Walter and I had a productive conversation yesterday about Phobos 3 and we felt it would be appropriate to share some notes on our discussion.
The conversation started out with me fumbling around trying to understand how Editions are going to effect Phobos. The discussion settled around two topics.
The first was how to construct the package structure for Phobos 3. Walter has proposed using
std2. as the root namespace. His primary reason was that he wanted to avoid the potential for importing anything from
std. that might trigger auto-decoding. I pointed out two major flaws with this design.
First, it would be very easy to accidentally type
std. in an
std2. module. We realized that this would be a problem no matter what root name was used and that the appropriate answer would be to specify a DStyle rule specific to Phobos that only modules in
std. can import
Second, this design implies that the '2' in
std2. is a version specifier that would be incremented with each Phobos release. This was not the intention and we agreed that it would be confusing. I proposed using
sys. as the root name for Phobos 3 and Walter found that acceptable. We briefly discussed splitting up Phobos into multiple roots and no firm agreement was reached.
The other major topic of discussion was what I've been calling the "Crippled by Default" design of editions, where the oldest edition (technically the last pre-edition release) is the default edition if no edition is specified. This poses a few challenges from an end-user standpoint, but the argument that ended up resonating was the idea that in engineering we always want to make the "right" way the default or easiest way to do something, and then provide escape hatches where necessary.
Therefore, the compiler should default to use the latest version and then provide the ability via a switch to set the edition, or lack thereof, of the modules an import path. This solves the problem of abandon-ware packages being accessible without presenting the new user with an ever more decayed version of the compiler. We want to put out best foot forward and presenting the last pre-editions release, which is constantly getting old as time passes, does not do that. No specific agreement was reached but Walter agreed to consider it.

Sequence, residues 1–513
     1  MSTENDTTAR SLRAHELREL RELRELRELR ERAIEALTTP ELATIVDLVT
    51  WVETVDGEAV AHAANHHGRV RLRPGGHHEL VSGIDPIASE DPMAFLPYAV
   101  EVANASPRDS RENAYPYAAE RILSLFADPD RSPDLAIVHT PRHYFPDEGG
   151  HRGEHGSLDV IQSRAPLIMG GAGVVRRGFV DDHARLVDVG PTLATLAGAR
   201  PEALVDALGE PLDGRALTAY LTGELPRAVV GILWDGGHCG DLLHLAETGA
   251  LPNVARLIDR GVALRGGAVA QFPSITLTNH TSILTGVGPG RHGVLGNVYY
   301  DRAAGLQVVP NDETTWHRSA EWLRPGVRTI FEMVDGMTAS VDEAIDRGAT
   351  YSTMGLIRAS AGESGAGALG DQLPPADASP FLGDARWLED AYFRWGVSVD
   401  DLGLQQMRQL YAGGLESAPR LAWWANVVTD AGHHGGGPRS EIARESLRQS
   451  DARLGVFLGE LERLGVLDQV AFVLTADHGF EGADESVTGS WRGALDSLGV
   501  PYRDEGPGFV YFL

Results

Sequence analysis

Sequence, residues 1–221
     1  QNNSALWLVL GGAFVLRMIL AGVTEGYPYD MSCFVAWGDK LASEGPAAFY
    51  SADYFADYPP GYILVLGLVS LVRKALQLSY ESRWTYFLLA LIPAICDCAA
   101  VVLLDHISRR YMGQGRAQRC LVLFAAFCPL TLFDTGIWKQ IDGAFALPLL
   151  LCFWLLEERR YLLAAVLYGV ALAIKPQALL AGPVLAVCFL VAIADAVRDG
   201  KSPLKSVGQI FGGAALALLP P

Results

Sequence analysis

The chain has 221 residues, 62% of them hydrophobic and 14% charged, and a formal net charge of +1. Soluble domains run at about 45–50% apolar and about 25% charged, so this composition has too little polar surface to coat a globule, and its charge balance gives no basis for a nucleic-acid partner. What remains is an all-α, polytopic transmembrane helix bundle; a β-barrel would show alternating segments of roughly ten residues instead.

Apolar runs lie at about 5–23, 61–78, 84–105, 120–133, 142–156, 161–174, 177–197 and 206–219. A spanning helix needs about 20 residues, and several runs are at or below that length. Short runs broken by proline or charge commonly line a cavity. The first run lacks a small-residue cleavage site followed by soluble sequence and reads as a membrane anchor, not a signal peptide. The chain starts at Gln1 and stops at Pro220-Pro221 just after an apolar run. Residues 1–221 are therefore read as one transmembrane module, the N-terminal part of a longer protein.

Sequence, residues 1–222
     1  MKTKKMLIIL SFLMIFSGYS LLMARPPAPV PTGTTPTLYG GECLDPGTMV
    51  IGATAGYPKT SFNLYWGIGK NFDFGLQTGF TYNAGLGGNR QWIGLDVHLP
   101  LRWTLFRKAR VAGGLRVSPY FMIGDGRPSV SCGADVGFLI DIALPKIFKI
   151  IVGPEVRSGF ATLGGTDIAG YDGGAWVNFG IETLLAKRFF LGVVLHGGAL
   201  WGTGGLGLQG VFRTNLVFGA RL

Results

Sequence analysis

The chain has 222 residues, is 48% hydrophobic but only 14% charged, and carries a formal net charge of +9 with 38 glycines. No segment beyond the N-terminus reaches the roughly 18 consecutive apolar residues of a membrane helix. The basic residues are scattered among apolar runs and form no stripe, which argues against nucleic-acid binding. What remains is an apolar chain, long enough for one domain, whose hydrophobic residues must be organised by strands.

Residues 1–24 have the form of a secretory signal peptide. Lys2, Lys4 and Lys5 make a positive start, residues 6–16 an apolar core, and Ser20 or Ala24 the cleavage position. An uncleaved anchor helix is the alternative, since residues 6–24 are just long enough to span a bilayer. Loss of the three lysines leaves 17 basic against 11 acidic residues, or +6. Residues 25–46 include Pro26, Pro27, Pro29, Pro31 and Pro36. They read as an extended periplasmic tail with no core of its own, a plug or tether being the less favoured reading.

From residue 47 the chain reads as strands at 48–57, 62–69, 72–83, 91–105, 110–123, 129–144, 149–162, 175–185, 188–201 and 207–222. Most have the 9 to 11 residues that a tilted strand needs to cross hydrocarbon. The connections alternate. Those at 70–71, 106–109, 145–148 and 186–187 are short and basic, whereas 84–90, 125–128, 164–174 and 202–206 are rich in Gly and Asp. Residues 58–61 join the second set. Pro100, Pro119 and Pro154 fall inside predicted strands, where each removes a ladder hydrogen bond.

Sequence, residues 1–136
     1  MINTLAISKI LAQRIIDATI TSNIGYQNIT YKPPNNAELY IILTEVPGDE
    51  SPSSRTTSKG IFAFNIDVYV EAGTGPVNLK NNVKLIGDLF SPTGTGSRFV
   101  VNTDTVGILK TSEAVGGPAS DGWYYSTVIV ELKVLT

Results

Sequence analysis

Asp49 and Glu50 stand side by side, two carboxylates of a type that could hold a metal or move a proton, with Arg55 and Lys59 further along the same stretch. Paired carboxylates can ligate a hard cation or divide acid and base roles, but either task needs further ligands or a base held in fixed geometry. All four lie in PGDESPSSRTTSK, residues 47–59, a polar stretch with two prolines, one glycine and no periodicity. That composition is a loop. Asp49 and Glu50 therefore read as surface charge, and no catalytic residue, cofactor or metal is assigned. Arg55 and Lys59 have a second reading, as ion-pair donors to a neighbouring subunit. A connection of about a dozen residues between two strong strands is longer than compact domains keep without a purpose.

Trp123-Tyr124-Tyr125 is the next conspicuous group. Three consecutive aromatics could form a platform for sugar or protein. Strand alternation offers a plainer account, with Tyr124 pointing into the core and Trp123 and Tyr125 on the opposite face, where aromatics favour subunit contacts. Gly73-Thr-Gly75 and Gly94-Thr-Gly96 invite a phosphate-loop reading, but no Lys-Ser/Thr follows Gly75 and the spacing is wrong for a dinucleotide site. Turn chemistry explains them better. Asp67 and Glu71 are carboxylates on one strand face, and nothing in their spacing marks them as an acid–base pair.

When then moved on to a conversation about how Walter envisions editions actually working. Since none of have seen the document that Atila is working on, Walter shared his opinions on how it should work. Essentially, Walter would like to see a "hybrid" approach having edition attributes for specific experimental features, and then having a yearly "roll-up" edition that includes all the promoted features from the prior year. So if DIP1000 gets promoted to Edition 2025, then DIP1000 would be active by default in that edition and all subsequent editions without having to specifically enable it.
I did bring up that this was likely to cause another "function attribute soup" problem, but in general I wholeheartedly agree with the idea that editions should use this model, both C# and C++ both do something similar so it would be conceptually comfortable to users coming from those languages. Atila, if you're reading this, this is what Walter was thinking/hoping would appear, but since we don't have your document we were mostly left to speculate. We await your document drop with anticipation!
After that we had a discussion about how to distribute Phobos. This mostly centered on what release cadence to use. I argued for linking the Phobos version to the edition release schedule. I think this is sensible and makes it easier for people to reason about which compiler/library pairing they are using. Walter was fine with that, but he does not want to use the "Edition" language to describe Phobos releases. I think this makes sense as Phobos doesn't really have editions, but following SemVer, it would have yearly major releases. This would mean that new features are released once per year, and bugfixes would be released on whatever the fast-cadence schedule is for DMD in between Yearly Edition roll-ups.
Finally, we touched briefly on the major changes we would like to see in Phobos 3 and these are the major changes we are committing to for Phobos 3 so far:
- Removal of Autodecoding.
- Promoting allocators out of experimental.
- Range interface redesign (see JMD's thread here).
- Fix std.traits.
The above list is not exhaustive and we are open to further suggestions. For myself, I would love to see Cryptography and Stream API's make it into Phobos, but I am sure that the list of what the community wants to add is legion so those could end up being lower priority.
One thing I would like to arrange if possible is planning sessions with the people involved with that specific change streamed to YouTube so that the community can participate via the Discord. If a person wishes to join the stream for a face-to-face discussion we would make the link available via DM. I found this discussion with Walter to be a much more efficient use of time and far more agreeable than writing long posts on the NG (the irony given the length of this post... I know).
If you would like to participate in the design discussion on Phobos 3, I am currently hosting a repo on my GitHub with GH Discussions for unresolved/undesigned topics, and PR's for editing the actual design document. Link is here: https://github.com/LightBender/PhobosV3-Design